Discipline Wins

Discipline Wins

A story of how meeting my wife would instil in me the required discipline to change my life.

As a high school student, if I had an assignment due on Friday morning I’d start it on Thursday night. Soccer training, Age of Empires, catching up with friends, and procrastinating, all seemed like far better options.

That assignment? It would only take a few hours. It could wait.

Alarm bells would start ringing on the Wednesday night before the assignment was due, but I couldn’t miss that show on TV. Thursday would roll around, and I knew I’d get started as soon as I finished school. But I would get off the bus, walk home, and somehow find myself kicking the ball around the yard for a few hours thinking “after dinner, that’s when I’ll start.”

Dinner would come and go. Then panic would set in. “I need to get started”, I would think to myself.

“After a shower”.

And so, after said shower, I would pull my books from my bag, read the assignment brief, and realise how totally and utterly under-prepared I was.

And guess what? I would repeat the process all over again a fortnight later for the next assignment.

Fortunately, I had enough ability to get myself through school. However, my ability to do ‘enough’ allowed me to forgo other essential skills.

I never had to study. I never had to prioritise. I never had to try my hardest.

These traits didn’t stop at the end of high school either. They followed me right through university, where I failed miserably.

It’s safe to say, discipline wasn’t my strong suit.

The Turning Point

It wasn’t until my mid-twenties that I realised I had formed a habit of not exercising discipline.

“I lived a life without cares, but also without care.”

It meant that I lived a life without cares, but also without care. I did what I wanted when I wanted. I did things when they suited me, regardless of the impact on myself or others.

This changed when I met my wife.

She had discipline. She worked full-time while completing her university studies. She prioritised and performed to the best of her ability.

This changed my perspective. I saw first-hand, someone who had the drive, desire and — most importantly — the discipline to succeed.

It also forced me to look beyond myself and to consider someone else and our life together.

I knew I couldn’t let her down.

She was the extrinsic motivation I needed to self-assess my shortcomings. By osmosis, she encouraged me to build discipline into my life.

To be fair, I never lacked work-ethic.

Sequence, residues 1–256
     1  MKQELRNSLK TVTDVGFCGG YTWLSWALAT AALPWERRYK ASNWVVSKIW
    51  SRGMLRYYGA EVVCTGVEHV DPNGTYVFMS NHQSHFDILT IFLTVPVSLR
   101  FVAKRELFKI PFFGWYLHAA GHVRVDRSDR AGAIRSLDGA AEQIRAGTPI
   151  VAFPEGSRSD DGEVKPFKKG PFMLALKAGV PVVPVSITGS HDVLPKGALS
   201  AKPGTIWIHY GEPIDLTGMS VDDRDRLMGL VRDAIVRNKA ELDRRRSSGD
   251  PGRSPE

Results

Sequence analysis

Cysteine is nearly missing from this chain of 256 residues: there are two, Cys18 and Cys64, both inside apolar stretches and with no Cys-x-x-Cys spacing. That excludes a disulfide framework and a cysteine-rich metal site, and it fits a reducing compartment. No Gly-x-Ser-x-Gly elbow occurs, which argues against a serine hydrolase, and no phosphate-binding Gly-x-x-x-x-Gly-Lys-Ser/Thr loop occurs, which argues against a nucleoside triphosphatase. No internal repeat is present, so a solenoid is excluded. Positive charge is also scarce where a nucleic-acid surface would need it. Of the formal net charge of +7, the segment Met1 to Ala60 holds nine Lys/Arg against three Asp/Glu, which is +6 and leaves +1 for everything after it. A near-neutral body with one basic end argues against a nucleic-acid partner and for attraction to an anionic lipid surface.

Throughout my career, I would work longer and harder than others. I would push myself to learn new skills. I would show initiative. I was proactive.

Outside of work, however, if the option presented itself, I would choose the path of least resistance. This often meant TV over chores. A night out, over a night of study.

I realise now that when I was accountable to someone other than myself, I would perform.

When I was accountable to myself, I would fail.

Hold Yourself Accountable

Five years ago, when my wife and I started Teach Starter, the skill of discipline reinforced further. Those days when we felt like taking the night off, we would encourage the other to continue. To exercise discipline and focus on our goal.

We were accountable to each other.

We learned early on that when the initial inspiration for an idea perishes, it is perilously easy to give up. It is at this moment you just have to put one foot in front of the other and keep moving toward your goal. Staying the course in those early days was the hardest part.

Having accountability to one another drove our discipline.

The work was easy. Having the discipline to work was hard.

But why was it easier for me to be accountable to someone else, yet fail miserably to hold myself accountable? Why did I need to rely on others, instead of looking within?

I’m not sure.

Over time, and with a greater appreciation for self-awareness, I have learned to hold myself accountable. I set high standards for what I expect of myself and have a vision of how I want to live my life. I know that I am in control of the decisions I make and the steps I take.

By holding myself accountable, I am committing to doing that which aligns with my goals and values.

Self-discipline is the vital skill that reinforces this commitment.

Exercising self-discipline can be particularly challenging at the best of times, and incredibly difficult when things are hard. But that’s precisely what makes it so powerful. And so rewarding.

What I have found is that when you reflect on your actions, take ownership of your circumstances, cultivate discipline and hold yourself accountable, your goals shift closer.

Five years ago, I could never have imagined where our business would be now. In the era of ‘overnight success’, it would have been easy to sit back and hope for something to happen.

Instead, we invested time and effort. Again and again.

Discipline — combined with a heavy dose of patience — wins.

Scott Tonges

Scott Tonges

I’m Scott. I’m a web designer & developer who builds digital products. I co-founded an EdTech business with my wife called Teach Starter.